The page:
RF PCB – Radio Frequency Printed Circuit Boards

Radio frequency printed circuit boards (RF PCBs) are an exciting, fast growing sector of the PCB manufacturing industry.

They are also incredibly complex with a dizzying range of options. The engineers at San Francisco Circuits can assist you with every step of the fabrication and assembly process, including material selection and key RF PCB manufacturing challenges to be aware of.

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What is an RF Circuit Board?

In general terms, the PCB industry considers an RF circuit board to be any high frequency PCB that operates above 100MHz.

Within the radio frequency class, anything above 2GHz is a Microwave PCB.

RF PCB Manufacturing

RF Board Applications

RF boards have a multitude of different applications, including wireless technologies, smart phones, sensors, robotics and security. With the advent of new technologies that are pushing the limits of electronics, the demand for RF boards is on the rise.

Finding a capable RF PCB manufacturer is critical to make sure the boards are fabricated to high quality standards and on-time. Our reputation speaks for itself. We pride ourselves on bringing the most demanding layout concepts to reality.


We can help with everything from saving cost on a simple board to manufacturing advice for cutting edge, fifty layer designs.

To simplify your search, here are several recommendations for materials based on application and manufacturability:

Important Note: Within every industry, there is a wide range of applications, demands, and budgets.

 The table below provides general recommendations, but to find the best PCB materials for your specific project, please contact our engineering staff.

RF Application RF Materials Bonding Materials   Attributes
Consumer Electronics




RO3000 Series Bondply

2929 Bondply


Cost effective with dependable electrical and thermal characteristics




RO4450B / RO4450F


The best in electrical and thermal performance and environmental durability

High Power Applications





Superior thermal management



RO4400 Bondply / 2929



Versatile high performance properties to suit a range of device types





RO4400 Bondply


Excellent electrical performance compatible with standard manufacturing processes





2929 Bondply

RO4400 Bondply


Excellent durability and environmental resistances, including oxidation

Design & Manufacturing Considerations for RF Circuits

RF circuits are complex. In fact, it has been dubbed “black magic” - a phrase uttered in hushed voices around watercoolers by veteran engineers.

Manufacturing RF PCBs is certainly challenging, but there’s nothing magical about it.

Below are several key factors that engineers must consider when approaching an RF manufacturing project.

1. Some constants, such as the dielectric constant, can be treated as a single value in non-RF applications, but they become more dynamic at the powerful frequency ranges of RF.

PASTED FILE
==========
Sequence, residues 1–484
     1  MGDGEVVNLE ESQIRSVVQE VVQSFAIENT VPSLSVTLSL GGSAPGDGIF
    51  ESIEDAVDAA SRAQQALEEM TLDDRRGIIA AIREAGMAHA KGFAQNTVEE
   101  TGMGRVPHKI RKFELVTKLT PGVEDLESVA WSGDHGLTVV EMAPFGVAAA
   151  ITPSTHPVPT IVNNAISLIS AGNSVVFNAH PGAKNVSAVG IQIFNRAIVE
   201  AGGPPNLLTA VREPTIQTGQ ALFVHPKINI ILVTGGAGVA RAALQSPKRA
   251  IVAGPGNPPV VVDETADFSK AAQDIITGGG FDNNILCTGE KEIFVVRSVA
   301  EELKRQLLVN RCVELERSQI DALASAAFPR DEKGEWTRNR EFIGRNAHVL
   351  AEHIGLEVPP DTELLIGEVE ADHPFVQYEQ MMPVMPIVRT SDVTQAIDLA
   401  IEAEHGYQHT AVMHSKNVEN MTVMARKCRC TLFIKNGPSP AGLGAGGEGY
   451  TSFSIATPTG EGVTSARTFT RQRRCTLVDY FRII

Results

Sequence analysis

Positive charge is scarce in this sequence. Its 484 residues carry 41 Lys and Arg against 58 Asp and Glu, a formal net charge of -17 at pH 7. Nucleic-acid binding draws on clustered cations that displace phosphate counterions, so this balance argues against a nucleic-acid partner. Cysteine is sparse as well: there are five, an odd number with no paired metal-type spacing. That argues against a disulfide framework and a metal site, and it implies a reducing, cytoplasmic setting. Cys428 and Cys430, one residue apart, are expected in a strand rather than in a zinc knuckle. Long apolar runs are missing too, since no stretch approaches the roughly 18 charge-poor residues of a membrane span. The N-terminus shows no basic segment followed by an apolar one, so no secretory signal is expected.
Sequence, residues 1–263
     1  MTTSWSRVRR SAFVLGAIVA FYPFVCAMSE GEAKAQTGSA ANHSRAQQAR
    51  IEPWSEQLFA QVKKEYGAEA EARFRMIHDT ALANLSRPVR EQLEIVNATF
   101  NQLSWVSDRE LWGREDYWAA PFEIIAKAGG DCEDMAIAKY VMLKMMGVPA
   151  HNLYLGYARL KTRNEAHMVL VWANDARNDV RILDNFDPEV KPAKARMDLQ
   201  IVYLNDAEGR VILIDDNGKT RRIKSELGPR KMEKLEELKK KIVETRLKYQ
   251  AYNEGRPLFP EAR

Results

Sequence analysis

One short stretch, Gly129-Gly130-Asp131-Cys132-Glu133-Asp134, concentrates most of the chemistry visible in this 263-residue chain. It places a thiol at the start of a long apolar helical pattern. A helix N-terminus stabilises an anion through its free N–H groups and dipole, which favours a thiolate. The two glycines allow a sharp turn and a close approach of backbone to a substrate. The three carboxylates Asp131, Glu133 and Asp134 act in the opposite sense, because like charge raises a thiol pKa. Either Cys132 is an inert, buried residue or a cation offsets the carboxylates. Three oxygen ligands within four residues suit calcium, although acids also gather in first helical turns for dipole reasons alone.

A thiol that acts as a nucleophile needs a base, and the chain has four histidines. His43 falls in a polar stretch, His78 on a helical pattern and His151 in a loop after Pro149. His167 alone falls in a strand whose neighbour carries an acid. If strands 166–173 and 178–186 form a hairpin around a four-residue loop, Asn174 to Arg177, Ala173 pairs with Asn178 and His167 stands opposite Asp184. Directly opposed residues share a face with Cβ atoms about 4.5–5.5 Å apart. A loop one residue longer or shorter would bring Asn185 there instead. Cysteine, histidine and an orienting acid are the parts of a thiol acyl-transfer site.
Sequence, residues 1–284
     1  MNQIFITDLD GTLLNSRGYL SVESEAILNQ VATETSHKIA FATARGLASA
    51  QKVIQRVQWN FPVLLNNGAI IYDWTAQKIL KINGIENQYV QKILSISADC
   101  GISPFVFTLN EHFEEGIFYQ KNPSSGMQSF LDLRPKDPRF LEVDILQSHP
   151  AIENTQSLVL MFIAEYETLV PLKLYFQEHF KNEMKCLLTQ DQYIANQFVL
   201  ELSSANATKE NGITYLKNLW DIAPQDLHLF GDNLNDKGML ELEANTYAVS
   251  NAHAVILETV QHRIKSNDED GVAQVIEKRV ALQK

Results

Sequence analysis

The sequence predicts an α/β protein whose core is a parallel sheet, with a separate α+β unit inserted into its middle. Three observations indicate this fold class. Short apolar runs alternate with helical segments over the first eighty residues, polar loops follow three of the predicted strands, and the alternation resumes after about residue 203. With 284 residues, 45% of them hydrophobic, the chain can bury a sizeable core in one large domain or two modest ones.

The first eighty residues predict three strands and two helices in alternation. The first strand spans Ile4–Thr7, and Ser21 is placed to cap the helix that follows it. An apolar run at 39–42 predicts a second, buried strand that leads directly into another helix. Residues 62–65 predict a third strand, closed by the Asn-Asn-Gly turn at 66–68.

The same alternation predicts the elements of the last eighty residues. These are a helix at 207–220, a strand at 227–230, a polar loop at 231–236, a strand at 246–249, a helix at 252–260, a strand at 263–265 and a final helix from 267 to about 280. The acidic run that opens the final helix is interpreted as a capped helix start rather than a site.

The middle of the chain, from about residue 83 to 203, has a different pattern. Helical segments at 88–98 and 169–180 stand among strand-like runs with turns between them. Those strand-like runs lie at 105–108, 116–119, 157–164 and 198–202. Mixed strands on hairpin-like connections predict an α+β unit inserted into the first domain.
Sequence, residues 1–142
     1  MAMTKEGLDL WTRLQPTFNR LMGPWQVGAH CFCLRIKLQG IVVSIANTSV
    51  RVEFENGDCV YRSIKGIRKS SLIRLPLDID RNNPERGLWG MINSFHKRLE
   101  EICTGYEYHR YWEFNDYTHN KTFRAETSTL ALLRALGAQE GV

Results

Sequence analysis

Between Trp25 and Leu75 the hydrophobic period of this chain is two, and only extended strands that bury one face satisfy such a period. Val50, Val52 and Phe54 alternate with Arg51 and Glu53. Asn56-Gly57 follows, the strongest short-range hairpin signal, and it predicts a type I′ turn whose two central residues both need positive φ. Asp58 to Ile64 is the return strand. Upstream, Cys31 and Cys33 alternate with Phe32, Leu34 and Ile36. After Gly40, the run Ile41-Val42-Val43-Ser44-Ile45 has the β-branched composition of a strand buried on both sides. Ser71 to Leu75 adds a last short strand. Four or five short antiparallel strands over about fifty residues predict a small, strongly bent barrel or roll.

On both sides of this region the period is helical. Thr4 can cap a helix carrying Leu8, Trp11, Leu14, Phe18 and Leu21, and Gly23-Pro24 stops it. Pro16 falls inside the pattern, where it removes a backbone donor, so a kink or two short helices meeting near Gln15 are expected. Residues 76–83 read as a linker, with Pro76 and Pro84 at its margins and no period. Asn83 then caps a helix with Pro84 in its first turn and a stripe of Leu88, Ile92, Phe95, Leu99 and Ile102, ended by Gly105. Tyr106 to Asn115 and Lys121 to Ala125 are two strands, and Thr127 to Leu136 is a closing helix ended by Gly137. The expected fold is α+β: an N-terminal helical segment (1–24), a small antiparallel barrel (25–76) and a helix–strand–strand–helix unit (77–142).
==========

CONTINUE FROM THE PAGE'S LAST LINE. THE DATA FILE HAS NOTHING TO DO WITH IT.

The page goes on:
2. Managing heat within the board to ensure it survives the considerable thermal stresses of PCB assembly is vital. At the drill stage, the thermal properties of the material will play a critical role in layer-to-layer alignment of multilayer stacks.

3. The spacing of the features will play an important role as well, since RF boards are prone to interacting with adjacent features in unexpected ways.

4. Choosing the proper materials based on the target application and budget is critical, since most of the remaining challenges will stem as a consequence of this choice.

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Important Properties of RF PCB Materials

Choosing the right material is arguably the most critical decision in the RF board manufacturing process.

Many of the other key factors that affect the board’s performance, manufacturability and cost start here. Before considering material selection, it’s important to understand the key properties that define RF board materials.



Image Credit: Rogers Corp

Plot of a Dk / Df vs. Frequency curve for a generic material. Using a generic material, this plot shows the change in dielectric constant for a PCB material from its lowest frequencies to its highest frequencies, with the effects of the material’s dipole moments.

The Dynamic Dielectric Constant 

The dielectric constant measures a material’s ability to store electrical energy in an electric field.

It is direction-dependent, so the dielectric constant can change depending on the axis of the material. Unfortunately, it can shift under the high frequency conditions of RF, so it can’t be taken at face-value.

It’s important to understand what frequency range the material was tested under, what testing method was used and if there are values available for frequency ranges and conditions that closely match your target application.

The Coefficient of Thermal Expansion

The coefficient of thermal expansion (CTE) explains how an object’s size varies with a change in temperature. It is also a way to measure thermal robustness. It has a huge impact on the drill and assembly stages of PCB manufacturing.

In a multilayer stack, different materials with different CTE’s are going to change shape at different rates. When the layer above grows faster than the layer below, alignment becomes a serious problem during the drilling process.

PTFE, one of the most commonly used RF materials due to its high quality, can smear at drill if it gets too hot and that can’t be removed. At the assembly stage, when components are being soldered on, the CTE affects how well it will handle the thermal stress of soldering. A poor CTE can lead to a broken board during its final stage of production, which is an expensive mistake best avoided.

To mitigate these problems, a material with a lower CTE is going to handle the physical punishment of drill and assembly better.

Loss Tangent